• Immigrants were English, Scots, Scots-Irish, Germans (made way to Pennsylvania for freedom of religion), Dutch, French, Spanish (made way to southwest and Florida for Christian converts), Puritans (went to Massachusetts in order to create a community that was restricted to only people of their faith).
  • Disease, starvation, and shipwreck resulted in 1 of 10 immigrants to die before they reached America.
  • English immigrants took up 60% of the US citizens in 1790.

Second Wave

1820 - 1860
  • Immigrants came to US because they wanted new opportunities that they were not receiving in Europe because peasants displaced from agriculture and artisans were losing their jobs due to the industrial revolution.
  • Some immigrants would receive “American Letters” which were letters from friends and family encouraging them to join them in America.
  • Immigrants that came to the US were German (escaping economic issues and looking for political freedom), British, Irish (emigration was encouraged due to poverty and famine).
  • In 1845-1850, 500,000 Irish immigrated to the US because of a potato famine killing one million.
  • In 1849, the first abundance of Chinese immigrants began to immigrate due to the California Gold Rush.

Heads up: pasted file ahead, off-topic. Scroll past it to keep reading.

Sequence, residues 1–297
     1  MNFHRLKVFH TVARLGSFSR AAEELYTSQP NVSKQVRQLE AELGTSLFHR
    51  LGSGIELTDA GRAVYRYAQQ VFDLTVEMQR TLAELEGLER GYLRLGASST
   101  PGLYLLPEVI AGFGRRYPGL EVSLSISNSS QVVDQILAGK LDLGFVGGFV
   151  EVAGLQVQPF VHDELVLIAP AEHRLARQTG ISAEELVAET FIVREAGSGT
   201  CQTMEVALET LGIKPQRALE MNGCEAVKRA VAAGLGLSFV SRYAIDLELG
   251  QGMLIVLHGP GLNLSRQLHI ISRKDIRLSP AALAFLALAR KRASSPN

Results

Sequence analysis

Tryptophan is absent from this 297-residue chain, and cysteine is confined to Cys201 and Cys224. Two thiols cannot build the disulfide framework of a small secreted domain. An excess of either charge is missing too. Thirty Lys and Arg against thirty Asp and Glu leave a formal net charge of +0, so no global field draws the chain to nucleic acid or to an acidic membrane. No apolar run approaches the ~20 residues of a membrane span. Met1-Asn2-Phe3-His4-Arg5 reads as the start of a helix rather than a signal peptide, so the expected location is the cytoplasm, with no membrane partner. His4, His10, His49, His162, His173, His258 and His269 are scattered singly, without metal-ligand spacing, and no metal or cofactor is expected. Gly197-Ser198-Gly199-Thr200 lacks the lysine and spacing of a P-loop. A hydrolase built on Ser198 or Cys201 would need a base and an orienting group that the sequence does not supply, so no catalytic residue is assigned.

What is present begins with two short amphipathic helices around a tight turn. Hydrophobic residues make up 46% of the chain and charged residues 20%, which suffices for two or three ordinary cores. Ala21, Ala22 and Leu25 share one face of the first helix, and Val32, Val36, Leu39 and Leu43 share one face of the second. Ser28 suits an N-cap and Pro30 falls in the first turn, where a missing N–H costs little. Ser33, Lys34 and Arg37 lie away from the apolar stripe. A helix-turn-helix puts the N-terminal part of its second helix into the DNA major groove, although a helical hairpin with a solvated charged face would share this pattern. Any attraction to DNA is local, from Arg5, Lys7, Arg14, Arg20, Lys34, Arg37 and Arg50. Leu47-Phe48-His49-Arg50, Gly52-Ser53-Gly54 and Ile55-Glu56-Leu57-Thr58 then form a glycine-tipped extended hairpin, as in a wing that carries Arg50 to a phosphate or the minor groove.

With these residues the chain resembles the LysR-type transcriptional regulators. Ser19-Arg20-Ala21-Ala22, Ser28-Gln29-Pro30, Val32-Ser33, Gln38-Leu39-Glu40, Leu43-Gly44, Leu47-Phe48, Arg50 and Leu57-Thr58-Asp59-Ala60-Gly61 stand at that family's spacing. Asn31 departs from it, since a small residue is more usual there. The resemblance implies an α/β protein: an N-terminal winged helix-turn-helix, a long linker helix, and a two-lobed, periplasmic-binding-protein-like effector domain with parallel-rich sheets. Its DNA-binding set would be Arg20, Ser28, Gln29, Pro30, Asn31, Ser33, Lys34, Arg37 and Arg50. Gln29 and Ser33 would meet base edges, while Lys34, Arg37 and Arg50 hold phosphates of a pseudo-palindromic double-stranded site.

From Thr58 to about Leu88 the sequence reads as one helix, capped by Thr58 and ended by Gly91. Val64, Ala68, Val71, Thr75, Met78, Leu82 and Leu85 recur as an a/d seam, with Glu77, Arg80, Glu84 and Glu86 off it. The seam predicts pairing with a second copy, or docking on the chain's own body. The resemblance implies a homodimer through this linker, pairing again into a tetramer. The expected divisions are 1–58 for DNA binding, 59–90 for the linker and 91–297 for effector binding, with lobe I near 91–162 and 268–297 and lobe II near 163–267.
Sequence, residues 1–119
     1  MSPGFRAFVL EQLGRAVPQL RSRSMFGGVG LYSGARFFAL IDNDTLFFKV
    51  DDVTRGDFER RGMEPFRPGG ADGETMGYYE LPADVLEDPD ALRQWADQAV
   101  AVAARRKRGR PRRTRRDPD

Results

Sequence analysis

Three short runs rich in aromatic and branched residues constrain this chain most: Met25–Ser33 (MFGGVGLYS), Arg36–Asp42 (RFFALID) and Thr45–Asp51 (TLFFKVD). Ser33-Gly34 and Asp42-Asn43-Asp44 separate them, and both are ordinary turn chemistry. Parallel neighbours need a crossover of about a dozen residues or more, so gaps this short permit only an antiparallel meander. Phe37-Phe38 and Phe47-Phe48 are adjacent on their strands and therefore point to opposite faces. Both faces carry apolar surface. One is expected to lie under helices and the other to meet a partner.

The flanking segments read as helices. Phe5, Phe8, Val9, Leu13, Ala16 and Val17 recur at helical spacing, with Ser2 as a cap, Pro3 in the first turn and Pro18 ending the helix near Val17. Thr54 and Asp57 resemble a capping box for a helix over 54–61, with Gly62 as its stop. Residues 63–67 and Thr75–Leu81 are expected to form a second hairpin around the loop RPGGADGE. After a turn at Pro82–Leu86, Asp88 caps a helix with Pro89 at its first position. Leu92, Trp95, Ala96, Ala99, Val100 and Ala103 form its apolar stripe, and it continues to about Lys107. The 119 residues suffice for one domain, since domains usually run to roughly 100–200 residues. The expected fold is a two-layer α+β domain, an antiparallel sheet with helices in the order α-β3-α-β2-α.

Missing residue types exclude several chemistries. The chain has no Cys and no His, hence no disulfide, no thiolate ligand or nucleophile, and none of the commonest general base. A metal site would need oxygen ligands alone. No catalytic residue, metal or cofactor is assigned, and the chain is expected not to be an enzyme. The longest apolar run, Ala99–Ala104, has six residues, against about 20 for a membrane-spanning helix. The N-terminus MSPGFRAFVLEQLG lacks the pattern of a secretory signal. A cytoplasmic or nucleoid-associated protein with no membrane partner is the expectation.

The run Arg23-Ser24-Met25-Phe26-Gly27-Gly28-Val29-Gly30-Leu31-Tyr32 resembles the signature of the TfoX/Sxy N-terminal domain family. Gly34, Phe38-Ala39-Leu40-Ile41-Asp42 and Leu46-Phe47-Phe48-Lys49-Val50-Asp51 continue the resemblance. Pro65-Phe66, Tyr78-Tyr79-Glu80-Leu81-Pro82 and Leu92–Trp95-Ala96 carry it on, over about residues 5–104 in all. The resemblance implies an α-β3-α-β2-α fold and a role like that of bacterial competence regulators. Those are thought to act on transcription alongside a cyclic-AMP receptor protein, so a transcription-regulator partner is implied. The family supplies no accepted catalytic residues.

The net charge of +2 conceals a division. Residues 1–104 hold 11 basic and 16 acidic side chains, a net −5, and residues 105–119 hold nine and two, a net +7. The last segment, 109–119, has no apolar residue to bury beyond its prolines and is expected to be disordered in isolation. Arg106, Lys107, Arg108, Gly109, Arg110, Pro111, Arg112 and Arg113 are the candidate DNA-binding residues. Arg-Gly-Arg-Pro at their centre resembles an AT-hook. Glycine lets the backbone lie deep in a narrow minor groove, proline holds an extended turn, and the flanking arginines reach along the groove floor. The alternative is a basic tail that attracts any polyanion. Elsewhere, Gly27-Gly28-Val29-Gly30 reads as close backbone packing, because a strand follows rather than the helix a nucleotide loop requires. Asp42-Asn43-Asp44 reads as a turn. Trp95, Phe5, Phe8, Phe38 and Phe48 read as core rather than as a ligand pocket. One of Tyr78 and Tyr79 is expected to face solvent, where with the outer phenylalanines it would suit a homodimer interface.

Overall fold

• In 1850, in the US the Roman Catholic church became the single largest religion.
  • In 1860 people from Poland and Russia began to immigrate because of Poland's religious and economic standing. By 1914, two million people had immigrated because of this.
  • In 1868, Japanese workers began to migrate to Hawaii to do labor in sugar cane fields.
  • Railroad and steamships started to enlist immigrants as customers.
  • Around 40% of immigrants in the second wave emigrated from Ireland.

Third Wave

1880 - 1914
  • Immigrants came to US for jobs and religious freedom.
  • Immigrants were Chinese, Japanese, and from other asian countries (they went to the western states).
  • In 1880, Italy's struggling economy, failing crops, and political conditions made the immigration of Italians go up by four million.